Emotions are powerful. They can be our friend or our enemy. Problem is many of us don’t know how to process them properly. We tend to either externalize or internalize our emotions. We take out our frustrations on others, over-react to minor problems, use substances to assuage our feelings, alienate ourselves from loved ones, or my all time favorite – NOT – resort to passive aggressive behavior. In this post, we will discuss the emotion of anger and how to identify if we or someone we know has an unresolved anger issue.
Think about the last time you had a very strong reaction to a situation or a person. To get you started here are a few typical scenarios to consider:
1: You’re in driving in the car and someone lays on the horn, tailgates you, or flips you the bird.
2: Your boss yells at you on a Friday afternoon
3: You’re waiting in line at the bank, post office, or grocery store, and the line is not moving.
4: You’re at a restaurant and the food is taking forever to arrive. You’ve lost track of time because you are in deep conversation and realize it’s been over 25 minutes.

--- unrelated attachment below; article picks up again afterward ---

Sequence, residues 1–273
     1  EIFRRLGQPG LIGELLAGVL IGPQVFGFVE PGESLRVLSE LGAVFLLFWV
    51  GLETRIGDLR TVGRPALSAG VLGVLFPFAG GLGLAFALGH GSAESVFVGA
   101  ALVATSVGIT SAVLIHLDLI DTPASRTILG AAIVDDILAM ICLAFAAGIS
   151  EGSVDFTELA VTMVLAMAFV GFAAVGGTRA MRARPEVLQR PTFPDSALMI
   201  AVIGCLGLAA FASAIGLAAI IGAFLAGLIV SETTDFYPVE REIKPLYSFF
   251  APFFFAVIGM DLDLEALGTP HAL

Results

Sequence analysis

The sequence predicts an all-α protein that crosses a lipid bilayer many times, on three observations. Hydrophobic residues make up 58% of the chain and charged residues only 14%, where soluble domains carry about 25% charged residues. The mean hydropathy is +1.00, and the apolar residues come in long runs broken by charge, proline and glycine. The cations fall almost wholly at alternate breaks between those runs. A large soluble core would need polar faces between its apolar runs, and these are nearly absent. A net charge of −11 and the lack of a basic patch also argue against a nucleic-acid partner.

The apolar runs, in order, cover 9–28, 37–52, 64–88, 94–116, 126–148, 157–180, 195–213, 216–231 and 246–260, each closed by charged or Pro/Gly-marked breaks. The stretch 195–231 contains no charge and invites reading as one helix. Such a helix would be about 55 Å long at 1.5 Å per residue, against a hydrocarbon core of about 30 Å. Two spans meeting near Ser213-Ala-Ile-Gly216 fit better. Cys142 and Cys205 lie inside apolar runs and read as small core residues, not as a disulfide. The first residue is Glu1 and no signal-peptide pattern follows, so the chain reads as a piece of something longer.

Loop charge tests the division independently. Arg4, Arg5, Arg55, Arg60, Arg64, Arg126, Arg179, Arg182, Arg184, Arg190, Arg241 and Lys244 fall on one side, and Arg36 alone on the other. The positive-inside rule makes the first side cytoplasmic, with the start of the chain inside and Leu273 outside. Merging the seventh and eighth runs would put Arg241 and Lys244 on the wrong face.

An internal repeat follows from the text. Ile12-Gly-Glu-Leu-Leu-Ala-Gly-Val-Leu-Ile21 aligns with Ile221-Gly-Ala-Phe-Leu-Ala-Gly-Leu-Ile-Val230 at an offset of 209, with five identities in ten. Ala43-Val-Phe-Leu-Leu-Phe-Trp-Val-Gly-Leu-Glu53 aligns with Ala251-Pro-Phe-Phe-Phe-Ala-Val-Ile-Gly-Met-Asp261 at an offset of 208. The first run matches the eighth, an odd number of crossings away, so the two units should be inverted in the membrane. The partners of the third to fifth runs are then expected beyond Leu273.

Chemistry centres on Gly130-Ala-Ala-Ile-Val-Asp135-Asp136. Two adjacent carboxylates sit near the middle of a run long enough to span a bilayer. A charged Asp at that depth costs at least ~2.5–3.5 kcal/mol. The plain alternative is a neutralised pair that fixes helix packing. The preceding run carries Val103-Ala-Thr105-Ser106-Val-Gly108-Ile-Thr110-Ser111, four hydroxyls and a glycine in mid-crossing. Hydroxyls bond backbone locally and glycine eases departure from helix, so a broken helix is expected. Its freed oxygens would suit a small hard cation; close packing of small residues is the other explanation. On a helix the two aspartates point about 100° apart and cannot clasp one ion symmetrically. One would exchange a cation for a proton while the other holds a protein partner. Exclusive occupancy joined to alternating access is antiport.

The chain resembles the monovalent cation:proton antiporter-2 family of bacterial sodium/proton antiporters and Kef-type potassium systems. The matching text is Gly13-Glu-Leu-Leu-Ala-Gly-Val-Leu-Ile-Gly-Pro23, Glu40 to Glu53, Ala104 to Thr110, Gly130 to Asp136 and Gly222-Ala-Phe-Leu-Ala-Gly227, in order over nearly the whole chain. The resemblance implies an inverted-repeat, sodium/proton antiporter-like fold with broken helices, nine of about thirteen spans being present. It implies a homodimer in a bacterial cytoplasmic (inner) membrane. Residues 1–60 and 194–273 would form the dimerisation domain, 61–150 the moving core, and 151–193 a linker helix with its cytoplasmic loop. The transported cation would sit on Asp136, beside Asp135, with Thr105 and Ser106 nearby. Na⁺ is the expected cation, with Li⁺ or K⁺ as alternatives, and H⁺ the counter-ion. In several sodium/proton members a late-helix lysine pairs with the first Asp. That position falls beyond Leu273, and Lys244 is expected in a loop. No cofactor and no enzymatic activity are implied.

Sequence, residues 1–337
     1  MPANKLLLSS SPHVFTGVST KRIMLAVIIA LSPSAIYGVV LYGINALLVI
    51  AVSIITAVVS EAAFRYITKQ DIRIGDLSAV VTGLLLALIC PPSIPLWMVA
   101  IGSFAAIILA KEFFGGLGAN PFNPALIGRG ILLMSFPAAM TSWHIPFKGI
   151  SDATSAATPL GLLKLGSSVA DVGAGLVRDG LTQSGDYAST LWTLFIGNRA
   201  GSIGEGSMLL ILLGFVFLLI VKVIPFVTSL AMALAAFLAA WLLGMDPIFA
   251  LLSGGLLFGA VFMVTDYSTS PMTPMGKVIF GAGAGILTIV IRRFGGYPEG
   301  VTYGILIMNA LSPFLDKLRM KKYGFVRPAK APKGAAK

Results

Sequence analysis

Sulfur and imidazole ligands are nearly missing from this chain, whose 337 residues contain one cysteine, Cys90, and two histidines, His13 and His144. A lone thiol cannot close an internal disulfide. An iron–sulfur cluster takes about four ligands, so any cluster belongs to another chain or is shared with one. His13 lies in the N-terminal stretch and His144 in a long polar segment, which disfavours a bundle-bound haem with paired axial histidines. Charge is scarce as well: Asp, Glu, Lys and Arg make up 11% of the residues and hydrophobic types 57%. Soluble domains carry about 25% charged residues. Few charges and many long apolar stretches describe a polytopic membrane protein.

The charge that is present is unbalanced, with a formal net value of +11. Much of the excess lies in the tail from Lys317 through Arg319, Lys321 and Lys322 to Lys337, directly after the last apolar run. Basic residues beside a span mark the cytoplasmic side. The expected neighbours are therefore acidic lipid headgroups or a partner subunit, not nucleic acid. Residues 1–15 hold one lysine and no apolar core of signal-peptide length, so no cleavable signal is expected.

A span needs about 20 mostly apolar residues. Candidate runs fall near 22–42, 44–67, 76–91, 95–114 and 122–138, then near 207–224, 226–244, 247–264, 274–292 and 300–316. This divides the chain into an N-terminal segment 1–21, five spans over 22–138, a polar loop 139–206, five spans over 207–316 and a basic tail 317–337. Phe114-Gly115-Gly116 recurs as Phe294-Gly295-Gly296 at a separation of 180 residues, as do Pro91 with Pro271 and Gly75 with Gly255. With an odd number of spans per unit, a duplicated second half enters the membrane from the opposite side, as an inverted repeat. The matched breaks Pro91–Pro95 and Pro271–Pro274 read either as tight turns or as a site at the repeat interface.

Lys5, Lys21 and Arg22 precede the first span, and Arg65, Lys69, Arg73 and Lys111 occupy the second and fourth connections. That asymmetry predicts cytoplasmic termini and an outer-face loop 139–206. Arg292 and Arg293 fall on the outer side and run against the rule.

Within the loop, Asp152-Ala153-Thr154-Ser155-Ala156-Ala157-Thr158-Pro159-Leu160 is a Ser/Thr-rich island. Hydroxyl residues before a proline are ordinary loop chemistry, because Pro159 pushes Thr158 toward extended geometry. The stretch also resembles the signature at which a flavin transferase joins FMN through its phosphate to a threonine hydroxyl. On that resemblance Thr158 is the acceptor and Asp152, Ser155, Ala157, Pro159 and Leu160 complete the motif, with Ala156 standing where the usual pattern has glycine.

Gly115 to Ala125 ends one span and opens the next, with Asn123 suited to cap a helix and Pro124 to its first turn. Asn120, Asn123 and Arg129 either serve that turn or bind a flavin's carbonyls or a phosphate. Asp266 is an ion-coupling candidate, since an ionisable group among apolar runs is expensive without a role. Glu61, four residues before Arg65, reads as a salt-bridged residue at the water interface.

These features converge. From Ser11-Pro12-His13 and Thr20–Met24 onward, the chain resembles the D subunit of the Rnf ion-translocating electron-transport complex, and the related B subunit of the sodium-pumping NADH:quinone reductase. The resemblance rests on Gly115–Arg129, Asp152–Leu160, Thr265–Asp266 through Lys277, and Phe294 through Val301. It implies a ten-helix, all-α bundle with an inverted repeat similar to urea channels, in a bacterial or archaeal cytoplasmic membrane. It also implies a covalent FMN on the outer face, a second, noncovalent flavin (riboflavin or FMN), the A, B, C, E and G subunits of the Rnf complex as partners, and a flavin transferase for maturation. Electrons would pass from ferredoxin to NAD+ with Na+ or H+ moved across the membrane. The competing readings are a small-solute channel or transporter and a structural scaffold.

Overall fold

Anger is a normal human emotion. We feel angry for a reason, but sometimes the reason we are angry is not the reason we think. When we have a very strong reaction to a particular situation or person, chances are there is something going on way beneath the surface that needs to be addressed but the current situation gets so blown out of proportion, the real problem never gets identified. Here’s a personal story to give you an example of what I’m talking about.
Many years ago, when my oldest son was still in college, I was in bed reading a book when my oldest son walks in. A little background here, my son is brilliant. He has what his teachers call a photographic memory. He never really had to study much in high school and aced all his exams with little effort. He was home visiting for the weekend.
“Hey, ma, how you doing?”
“I’m fine. What’s up? You look a little down,” I observed.
“Yeah, I didn’t do so well on my exam today,” my oldest darling replied in a dejected tone.
“Oh, sorry to hear that. Do you think you studied enough?”
“I’m leaving,” he announced, slamming the door as he bolted out of the house.
Wow! Wonder why he reacted like that. It was a simple question.
Several months later, I found out the real reason for the sudden display of anger. Alexi had lost his scholarship by not keeping his grades up.
So, if you find yourself over-reacting to minor situations, venting to anyone and everyone who will listen, distancing yourself from a loved one, or having a strong desire to over-eat, drink too much, or do anything else to excess, there might be an unresolved anger issue lurking deep within.
Remember, anger is a signal that there is an issue that needs to be addressed. It is not something to be ignored, denied or ashamed of. “Be angry, but sin not,” it says in scripture. Next week we’ll talk about how to handle unresolved anger, but in the meantime, let me know if this post was helpful and remember to keep looking up!